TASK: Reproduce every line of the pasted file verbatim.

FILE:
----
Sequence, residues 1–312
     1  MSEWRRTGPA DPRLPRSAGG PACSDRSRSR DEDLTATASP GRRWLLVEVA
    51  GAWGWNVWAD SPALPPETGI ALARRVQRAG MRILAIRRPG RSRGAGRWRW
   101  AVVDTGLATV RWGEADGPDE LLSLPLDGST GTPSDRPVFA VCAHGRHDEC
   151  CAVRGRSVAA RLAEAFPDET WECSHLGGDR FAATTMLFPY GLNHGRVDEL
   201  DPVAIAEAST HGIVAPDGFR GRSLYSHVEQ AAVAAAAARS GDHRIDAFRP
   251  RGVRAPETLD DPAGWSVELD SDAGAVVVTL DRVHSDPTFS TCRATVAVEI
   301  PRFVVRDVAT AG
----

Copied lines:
Sequence, residues 1–312
     1  MSEWRRTGPA DPRLPRSAGG PACSDRSRSR DEDLTATASP GRRWLLVEVA
    51  GAWGWNVWAD SPALPPETGI ALARRVQRAG MRILAIRRPG RSRGAGRWRW
   101  AVVDTGLATV RWGEADGPDE LLSLPLDGST GTPSDRPVFA VCAHGRHDEC
   151  CAVRGRSVAA RLAEAFPDET WECSHLGGDR FAATTMLFPY GLNHGRVDEL
   201  DPVAIAEAST HGIVAPDGFR GRSLYSHVEQ AAVAAAAARS GDHRIDAFRP
   251  RGVRAPETLD DPAGWSVELD SDAGAVVVTL DRVHSDPTFS TCRATVAVEI
   301  PRFVVRDVAT AG